If you’re in this position, you’ve most likely wondered “what is the market value of my car, and how can I get the best price when upgrading to my next car?”
In recent years, prices within the new and used vehicle market have continued to fluctuate. This means that understanding and finding the market value of both your dream car and the vehicle you’re planning on upgrading from is an important piece of the puzzle.
With that in mind, let’s take a look at the concept of a car’s market value, exploring the huge number of factors that influence the market value of cars so you’re well equipped when it comes time to sell your car.
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What is a Car’s Market Value?
As the name might suggest, the market value of your car is the amount of money that the vehicle is worth, which is determined by the market and a heap of factors that influence the overall value of your car.
You can think of it as a crystal clear picture of what the free market believes your vehicle to be worth, rather than a sticker price set by a third party.
The market value, otherwise known as the open market valuation of a new car is specific to that manufacturer and the model, as well as the year it was produced, while the market value of a used car becomes a more complex recipe that takes into account kilometres driven, the service history and condition of the engine and bodywork, and a whole lot more.
How to Find a Car’s Market Value
There are a number of ways to find your car’s market value online, however, they are limited when it comes to providing you with a tailored and accurate market value specific to your vehicle with all factors considered.
Perhaps the best and most objective guide to market values of used cars is Redbook, an unbiased source of market valuations that takes depreciation into account.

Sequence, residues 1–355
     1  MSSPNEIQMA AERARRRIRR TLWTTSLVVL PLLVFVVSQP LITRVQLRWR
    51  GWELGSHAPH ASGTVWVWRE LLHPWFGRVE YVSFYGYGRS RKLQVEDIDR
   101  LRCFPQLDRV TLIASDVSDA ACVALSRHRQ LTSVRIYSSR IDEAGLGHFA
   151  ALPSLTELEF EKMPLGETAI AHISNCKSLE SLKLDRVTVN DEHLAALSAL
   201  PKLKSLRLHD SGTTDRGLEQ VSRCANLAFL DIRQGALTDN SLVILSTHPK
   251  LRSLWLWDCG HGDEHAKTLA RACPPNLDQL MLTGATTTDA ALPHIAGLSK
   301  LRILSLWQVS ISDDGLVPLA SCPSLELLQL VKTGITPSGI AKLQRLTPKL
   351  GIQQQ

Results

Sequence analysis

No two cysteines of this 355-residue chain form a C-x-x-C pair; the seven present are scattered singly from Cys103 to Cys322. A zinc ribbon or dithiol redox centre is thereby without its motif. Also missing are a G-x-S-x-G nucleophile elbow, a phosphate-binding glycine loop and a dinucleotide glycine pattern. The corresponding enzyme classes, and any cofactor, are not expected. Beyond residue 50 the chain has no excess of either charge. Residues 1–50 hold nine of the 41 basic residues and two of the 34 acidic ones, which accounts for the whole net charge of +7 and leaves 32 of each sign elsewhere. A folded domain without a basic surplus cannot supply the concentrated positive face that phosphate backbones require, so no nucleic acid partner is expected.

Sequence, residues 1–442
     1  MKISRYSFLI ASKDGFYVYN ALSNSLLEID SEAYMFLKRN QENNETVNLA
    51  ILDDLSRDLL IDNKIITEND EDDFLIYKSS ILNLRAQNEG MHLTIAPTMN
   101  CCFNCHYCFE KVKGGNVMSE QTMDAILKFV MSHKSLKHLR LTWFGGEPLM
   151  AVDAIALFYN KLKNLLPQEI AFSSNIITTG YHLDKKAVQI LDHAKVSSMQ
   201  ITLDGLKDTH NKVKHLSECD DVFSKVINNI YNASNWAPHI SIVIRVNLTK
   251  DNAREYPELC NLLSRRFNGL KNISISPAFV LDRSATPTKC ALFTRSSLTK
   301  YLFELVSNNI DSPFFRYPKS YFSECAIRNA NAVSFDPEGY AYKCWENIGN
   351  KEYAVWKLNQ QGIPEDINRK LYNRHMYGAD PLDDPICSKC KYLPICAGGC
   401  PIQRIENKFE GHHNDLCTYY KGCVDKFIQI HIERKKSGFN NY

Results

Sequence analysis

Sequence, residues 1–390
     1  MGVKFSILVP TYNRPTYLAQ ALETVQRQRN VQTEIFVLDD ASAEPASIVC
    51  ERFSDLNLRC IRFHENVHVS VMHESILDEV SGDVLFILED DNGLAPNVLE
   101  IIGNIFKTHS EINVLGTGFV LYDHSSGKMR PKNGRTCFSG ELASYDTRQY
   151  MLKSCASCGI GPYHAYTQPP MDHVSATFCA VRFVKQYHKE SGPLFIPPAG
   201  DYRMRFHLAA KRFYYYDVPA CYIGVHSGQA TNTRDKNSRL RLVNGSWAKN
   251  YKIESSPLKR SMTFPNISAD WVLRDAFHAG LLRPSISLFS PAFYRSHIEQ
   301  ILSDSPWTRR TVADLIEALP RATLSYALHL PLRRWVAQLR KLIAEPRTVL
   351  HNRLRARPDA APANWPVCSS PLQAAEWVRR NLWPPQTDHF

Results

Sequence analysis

As we’ve mentioned, though, tools like these don’t take into account a huge number of factors that impact a vehicle’s market value, so while Redbook is a great source of rough or ‘ball-park’ pricing information, a more tailored approach needs to be taken to find the exact market value.
There are also ways to find the market value by getting in contact with an independent vehicle valuation specialist, dealership or even taking a close look at your insurance policy details.
Alternatively, you can get in touch with our team of car buying experts here at OnlineAuto who can organise a quick and easy way to find the market value of your car.
Simply fill out our trade-in appraisal form that details your vehicle’s details with some photos we need on our end, and we’ll get in contact with our wide range of dealers and wholesalers to give you a clear picture of its market value.
Factors that Impact a Car’s Value
There are a huge number of things that impact both the market value of your vehicle and the amount of money you can expect to sell it for on the used car market or while trading your vehicle in to upgrade to the next chapter of your automotive tale; these include:
- The manufacturer: some manufacturers depreciate less than others